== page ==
Dan McKillop: Correct. Yeah, because every dispensary out there again, broadly speaking, is required to report back to the state agency or entity that’s overseeing the program and report to them basically their sales and show where the product is going, to whom it was sold, how much, and that’s one way that the state agency whatever it may be keeps track of the market, keeps track of the money flow. Make sure that the dispensaries are complying as they go through their business day and week and month and year. 

Jeff Boedges: Is there an inter-dispensary database? So, again, Jeff goes to dispensary A and gets my monthly allotment and then I sneak down the street and I go to the dispensary B and I get my monthly allotment there. Is there some big brother watching all this stuff? Or does it apply state-by-state?

Dan McKillop: It’s state-by-state-by-state and there is, as you kind of say, inter-dispensary eyes on everybody. I mean that’s the whole point. You may be precluded by whatever state mechanism might be in place in a given state from visiting more than one dispensary per day. 

Jeff Boedges: So, if you’re buying any kind of marijuana for adult use, it’s best to get the kind that doesn’t make you paranoid because there are people watching. 

Dan McKillop: Exactly, right. 

Jeff Boedges: Okay. Got that.

Rick Kiley: These are the important things we’re looking to solve here in The Green Repeal. Okay. So, but you did mention, let’s jump to the big sort of like a strange question I think a lot of people don’t understand, including me. You mentioned it from the beginning. It’s still federally illegal and yet… 

Jeff Boedges: Here we are. 

Rick Kiley: Here we are. We’re having this conversation. There are several states that are doing it. So, if it’s illegal, but the states are making it legal, why is that okay? Is the federal government just choosing to turn a blind eye at the moment saying we have other priorities or can they not really enforce it? Like, what’s happening there?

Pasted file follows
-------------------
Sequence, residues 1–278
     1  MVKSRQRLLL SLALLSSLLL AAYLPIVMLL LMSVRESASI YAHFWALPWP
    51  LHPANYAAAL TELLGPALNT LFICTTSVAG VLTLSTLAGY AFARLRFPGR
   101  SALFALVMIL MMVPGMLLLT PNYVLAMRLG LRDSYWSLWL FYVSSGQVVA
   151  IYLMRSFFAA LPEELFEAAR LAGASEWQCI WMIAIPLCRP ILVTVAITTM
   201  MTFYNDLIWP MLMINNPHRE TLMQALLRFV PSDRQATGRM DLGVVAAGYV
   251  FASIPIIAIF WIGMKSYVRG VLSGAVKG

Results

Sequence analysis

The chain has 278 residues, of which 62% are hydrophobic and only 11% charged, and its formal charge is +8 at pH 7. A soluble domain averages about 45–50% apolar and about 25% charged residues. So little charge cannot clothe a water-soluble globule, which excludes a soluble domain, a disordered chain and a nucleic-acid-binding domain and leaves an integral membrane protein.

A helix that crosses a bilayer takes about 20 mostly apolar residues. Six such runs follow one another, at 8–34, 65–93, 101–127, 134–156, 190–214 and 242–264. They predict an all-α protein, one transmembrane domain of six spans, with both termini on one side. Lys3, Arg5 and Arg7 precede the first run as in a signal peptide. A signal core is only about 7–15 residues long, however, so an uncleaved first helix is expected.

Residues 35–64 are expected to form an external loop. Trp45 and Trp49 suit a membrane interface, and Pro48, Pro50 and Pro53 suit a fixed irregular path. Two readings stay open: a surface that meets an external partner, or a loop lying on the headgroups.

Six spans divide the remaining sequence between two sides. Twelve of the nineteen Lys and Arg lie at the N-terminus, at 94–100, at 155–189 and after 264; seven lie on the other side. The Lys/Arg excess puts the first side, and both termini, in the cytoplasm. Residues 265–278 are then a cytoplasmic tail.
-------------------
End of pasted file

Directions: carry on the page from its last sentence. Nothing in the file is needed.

Dan McKillop: Yeah, a couple of different things. And again, you have to talk about it in terms of the medical side of things and the adult side of things. It requires a little bit of a history lesson, and we’ll go over it very quickly, but in 1970, the Controlled Substances Act is passed. This is the federal law that basically says, “Here are all the drugs that we think are terrible and we’re going to schedule them from 1 to 5, one being the really bad ones, heroin, LSD, ecstasy, Quaaludes and they put cannabis on there too. Now, as we all kind of know in this day and age, one of these does not belong, but in 1970 they threw it on there. And there’s any number of reasons for that. I think there is some merit in the idea that there was a lobbying effort going on by Big Pharma, Big Alcohol, Big Tobacco to put cannabis on Schedule 1 because it’s cutting into their money, frankly. And there were other reasons, but notwithstanding the fact that in 1970, cannabis gets scheduled as Schedule 1, states start to legalize on the medical side. California legalized medical cannabis in 1996. They were the first state to do it. And between 1996 and 2012, roughly a dozen states or so legalized medical. And in 2012, Colorado and Washington legalized adult use. 

In 2013, and this kind of gets to your question now, the federal government finally kind of woke up a little bit and they realized what was going on out there and they realized it wasn’t going to stop and they realized that they had to issue some guidance to everybody out there in the field on the federal level about how to enforce these things and how to enforce the Controlled Substances Act. The reality is the federal government didn’t have the manpower to go into each one of these states to start enforcing.